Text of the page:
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Old 07-04-2016, 03:01 PM
 
180 posts, read 514,516 times
Reputation: 201

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Hi everyone! Another mover requesting your expertise!

I lived with my husband previously in Burlington for a while, until leaving in 2012 to help his family in NM. After a few years out here, we're now ready to get back to VT and make our lives there. We're both early 30's, not interested in having children, and have a moderate savings. My work is remote; I can technically live anywhere as long as reliable, strong Internet is available. My husband is finishing his degree online in accounting, and wants a low-key job with the state. His job is really less important as I cover all expenses, and he's honestly kind of astonishingly good at networking.

Ok, preamble out of the way! While Burlington has the waterfront, which is frankly very hard to beat, we didn't really like the city too much. We're both basically homebodies and don't need a great deal of city offerings. It's difficult to put into words what we didn't like, but Burlington felt a bit transient / hip / too political. Hopefully that is not offensive.

The things that matter to us are: network connectivity!, being near hiking and/or rowing, within decent driving distance of a co-op (20-30 min or less), and affordable housing. We are both conservative with finances, and looking to buy a house at 1/2 or 1/3 to the amount we think we can afford (150k range). It'd be great if we could have 1+ acres, but that's negotiable. Ultimately we'd like to be in a more rural (not suburban) type of setting, and not directly in-town.

We both like Montpelier a lot, but it's just too much of a city for us. So far in our research Randolph, Quechee, and the Upper Valley in general seem to be a good fit ... and maybe Middlebury somewhat too. Essentially we're looking for a regular town with a good sense of community. Lastly, we're socially very liberal but kind not personally (if that makes sense).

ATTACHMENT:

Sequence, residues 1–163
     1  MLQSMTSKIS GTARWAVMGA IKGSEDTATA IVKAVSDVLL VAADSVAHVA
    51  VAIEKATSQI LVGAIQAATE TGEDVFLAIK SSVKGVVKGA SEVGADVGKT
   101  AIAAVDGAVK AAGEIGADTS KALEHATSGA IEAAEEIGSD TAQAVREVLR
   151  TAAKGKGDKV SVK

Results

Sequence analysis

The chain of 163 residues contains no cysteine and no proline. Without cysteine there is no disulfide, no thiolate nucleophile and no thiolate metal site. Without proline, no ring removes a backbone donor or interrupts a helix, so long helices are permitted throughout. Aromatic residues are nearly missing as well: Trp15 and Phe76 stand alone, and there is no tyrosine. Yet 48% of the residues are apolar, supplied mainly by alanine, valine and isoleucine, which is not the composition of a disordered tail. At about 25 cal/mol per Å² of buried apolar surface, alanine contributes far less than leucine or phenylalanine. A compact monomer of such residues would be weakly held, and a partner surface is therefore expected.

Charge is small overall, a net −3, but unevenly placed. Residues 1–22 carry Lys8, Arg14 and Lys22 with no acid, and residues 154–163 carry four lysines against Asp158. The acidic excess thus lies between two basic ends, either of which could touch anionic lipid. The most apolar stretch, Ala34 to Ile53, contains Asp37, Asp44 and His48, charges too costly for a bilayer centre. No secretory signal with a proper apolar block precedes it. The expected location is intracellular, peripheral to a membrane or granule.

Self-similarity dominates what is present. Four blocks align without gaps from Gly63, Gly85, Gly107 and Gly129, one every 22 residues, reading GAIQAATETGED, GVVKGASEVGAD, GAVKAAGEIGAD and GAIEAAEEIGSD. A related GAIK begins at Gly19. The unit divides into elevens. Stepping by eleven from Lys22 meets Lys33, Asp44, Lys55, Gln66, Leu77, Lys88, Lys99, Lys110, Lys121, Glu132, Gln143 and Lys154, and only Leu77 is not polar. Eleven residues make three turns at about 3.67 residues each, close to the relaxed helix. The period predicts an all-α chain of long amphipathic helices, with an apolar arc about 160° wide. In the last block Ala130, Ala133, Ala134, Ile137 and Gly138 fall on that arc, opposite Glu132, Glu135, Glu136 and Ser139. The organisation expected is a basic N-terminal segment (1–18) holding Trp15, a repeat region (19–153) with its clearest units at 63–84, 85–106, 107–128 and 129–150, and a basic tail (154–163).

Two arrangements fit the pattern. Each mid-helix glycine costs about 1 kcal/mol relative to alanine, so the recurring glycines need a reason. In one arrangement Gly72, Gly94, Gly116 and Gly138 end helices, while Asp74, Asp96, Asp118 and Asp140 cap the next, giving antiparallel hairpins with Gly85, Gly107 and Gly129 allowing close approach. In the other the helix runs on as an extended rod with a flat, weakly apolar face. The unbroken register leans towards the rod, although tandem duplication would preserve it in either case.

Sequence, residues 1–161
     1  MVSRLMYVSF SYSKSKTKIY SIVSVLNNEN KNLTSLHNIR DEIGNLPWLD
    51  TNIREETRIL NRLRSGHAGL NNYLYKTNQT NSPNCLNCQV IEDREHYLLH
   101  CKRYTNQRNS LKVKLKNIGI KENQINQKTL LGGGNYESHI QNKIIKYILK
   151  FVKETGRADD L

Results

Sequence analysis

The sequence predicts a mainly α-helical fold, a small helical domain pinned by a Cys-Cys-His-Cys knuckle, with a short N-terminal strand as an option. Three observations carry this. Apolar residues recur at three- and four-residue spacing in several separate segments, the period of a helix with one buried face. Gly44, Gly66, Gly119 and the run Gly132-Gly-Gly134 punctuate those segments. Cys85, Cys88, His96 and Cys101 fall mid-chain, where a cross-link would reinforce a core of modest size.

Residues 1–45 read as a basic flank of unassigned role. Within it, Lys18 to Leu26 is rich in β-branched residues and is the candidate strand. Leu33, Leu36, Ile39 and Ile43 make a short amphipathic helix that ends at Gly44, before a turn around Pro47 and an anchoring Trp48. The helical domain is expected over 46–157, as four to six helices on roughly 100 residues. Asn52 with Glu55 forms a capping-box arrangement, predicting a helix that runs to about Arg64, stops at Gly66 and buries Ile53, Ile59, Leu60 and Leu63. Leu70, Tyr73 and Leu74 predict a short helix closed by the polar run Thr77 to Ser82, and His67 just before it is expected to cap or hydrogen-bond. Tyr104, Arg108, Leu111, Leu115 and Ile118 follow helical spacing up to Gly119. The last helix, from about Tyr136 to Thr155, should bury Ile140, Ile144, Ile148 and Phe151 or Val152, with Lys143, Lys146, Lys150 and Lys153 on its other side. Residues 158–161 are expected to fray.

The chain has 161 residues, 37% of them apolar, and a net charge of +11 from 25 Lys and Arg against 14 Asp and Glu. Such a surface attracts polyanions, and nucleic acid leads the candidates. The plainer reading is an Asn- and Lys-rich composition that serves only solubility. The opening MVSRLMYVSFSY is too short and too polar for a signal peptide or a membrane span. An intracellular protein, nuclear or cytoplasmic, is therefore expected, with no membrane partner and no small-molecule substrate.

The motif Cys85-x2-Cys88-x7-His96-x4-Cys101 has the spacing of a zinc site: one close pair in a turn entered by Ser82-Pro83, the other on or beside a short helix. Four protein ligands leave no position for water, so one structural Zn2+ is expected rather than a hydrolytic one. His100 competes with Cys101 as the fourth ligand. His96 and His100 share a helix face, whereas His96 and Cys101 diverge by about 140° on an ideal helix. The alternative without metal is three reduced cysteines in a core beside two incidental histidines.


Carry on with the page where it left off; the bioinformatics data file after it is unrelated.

Thank you for your responses, in advance!
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Old 07-04-2016, 04:12 PM
 
809 posts, read 770,430 times
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Believe me, you want Springfield! Fastest Internet in the state.

Asking price on average for houses is $172k, average selling price is $113. Half an hour drive to the environs of Dartmouth College and its fleshpots of intellectual delight, half a dozen ski slopes within 45 minutes; hiking snowshoeing and cross-country skiing available right outside your door; biking not too bad if you don't mind LOTS of hills. Full town services -- library, fire department, water, sewer, schools, pool, walking trails, parks, a Free family movie theater, (well, that is the name of the family running it), repertory group, various reading c and film discussion groups, service clubs (Lions, Rotary, Elks, Moose), privately run recreation center. The Connecticut River is a 300-mile-long lake, although climate change is making iceboating a little iffy.